1982-2000: from Mondiacult to Our Creative Diversity

1982: Mondiacult (Mexico)

The cycle of conferences that followed the Venice meeting was rounded off by the World Conference on Cultural Policies in Mexico City in 1982, known as Mondiacult. The Conference was attended by 960 participants from 126 States out of the 158 Member States UNESCO had at the time. The success of the 1972 Convention and the importance attached to the protection of immovable cultural and natural properties had overshadowed the significance of other forms of heritage and of cultural production as means of development. The purpose of the conference was to review knowledge and experience gained on cultural policies and practices since the Venice conference in 1970, to promote research about the fundamental problems of culture in the contemporary world, to formulate new guidelines to promote cultural development in general development projects and to facilitate international cultural cooperation.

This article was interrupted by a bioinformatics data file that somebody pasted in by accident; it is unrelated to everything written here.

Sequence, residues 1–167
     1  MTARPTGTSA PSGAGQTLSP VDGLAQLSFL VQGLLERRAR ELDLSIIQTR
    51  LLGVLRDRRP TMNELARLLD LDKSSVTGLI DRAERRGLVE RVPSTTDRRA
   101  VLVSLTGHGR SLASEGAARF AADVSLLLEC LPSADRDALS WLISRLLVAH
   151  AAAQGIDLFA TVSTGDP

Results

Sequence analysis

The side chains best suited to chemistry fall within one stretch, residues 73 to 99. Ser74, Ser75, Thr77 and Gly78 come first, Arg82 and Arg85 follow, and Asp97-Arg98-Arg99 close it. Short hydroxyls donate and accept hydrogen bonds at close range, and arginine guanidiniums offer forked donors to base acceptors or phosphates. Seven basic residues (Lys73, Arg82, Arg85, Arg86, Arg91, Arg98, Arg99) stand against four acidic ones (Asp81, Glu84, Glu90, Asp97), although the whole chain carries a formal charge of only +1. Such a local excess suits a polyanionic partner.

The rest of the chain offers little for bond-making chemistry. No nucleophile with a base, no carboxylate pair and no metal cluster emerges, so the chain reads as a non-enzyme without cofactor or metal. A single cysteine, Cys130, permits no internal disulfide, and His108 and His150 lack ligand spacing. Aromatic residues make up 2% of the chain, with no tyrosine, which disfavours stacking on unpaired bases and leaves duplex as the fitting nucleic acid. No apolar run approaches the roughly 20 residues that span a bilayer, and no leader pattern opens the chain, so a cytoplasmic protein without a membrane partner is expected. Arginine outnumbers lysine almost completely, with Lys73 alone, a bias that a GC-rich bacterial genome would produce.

The conference unanimously rejected any hierarchy between cultures, since nothing could justify discrimination between ‘superior cultures and inferior cultures’, and reaffirmed the duty of each to respect all cultures. It stressed that cultural identity was the defence of traditions, of history and of the moral, spiritual and ethical values handed down by past generations. It suggested that present and future cultural practices were just as valuable as past ones and emphasized that both governments and communities should participate in the development of cultural policies. Therefore, governmental institutions as well as civil society should participate in the development of cultural policies.

One of the main achievements of the Conference was its redefinition of culture. It stated that heritage now also covered all the values of culture as expressed in everyday life, and growing importance was being attached to activities calculated to sustain the ways of life and forms of expression by which such values were conveyed. The Conference remarked that the attention now being given to the preservation of the ‘intangible heritage’ may be regarded as one of the most constructive developments of the past decade. It was one of the first times that the term ‘intangible heritage’ was officially used.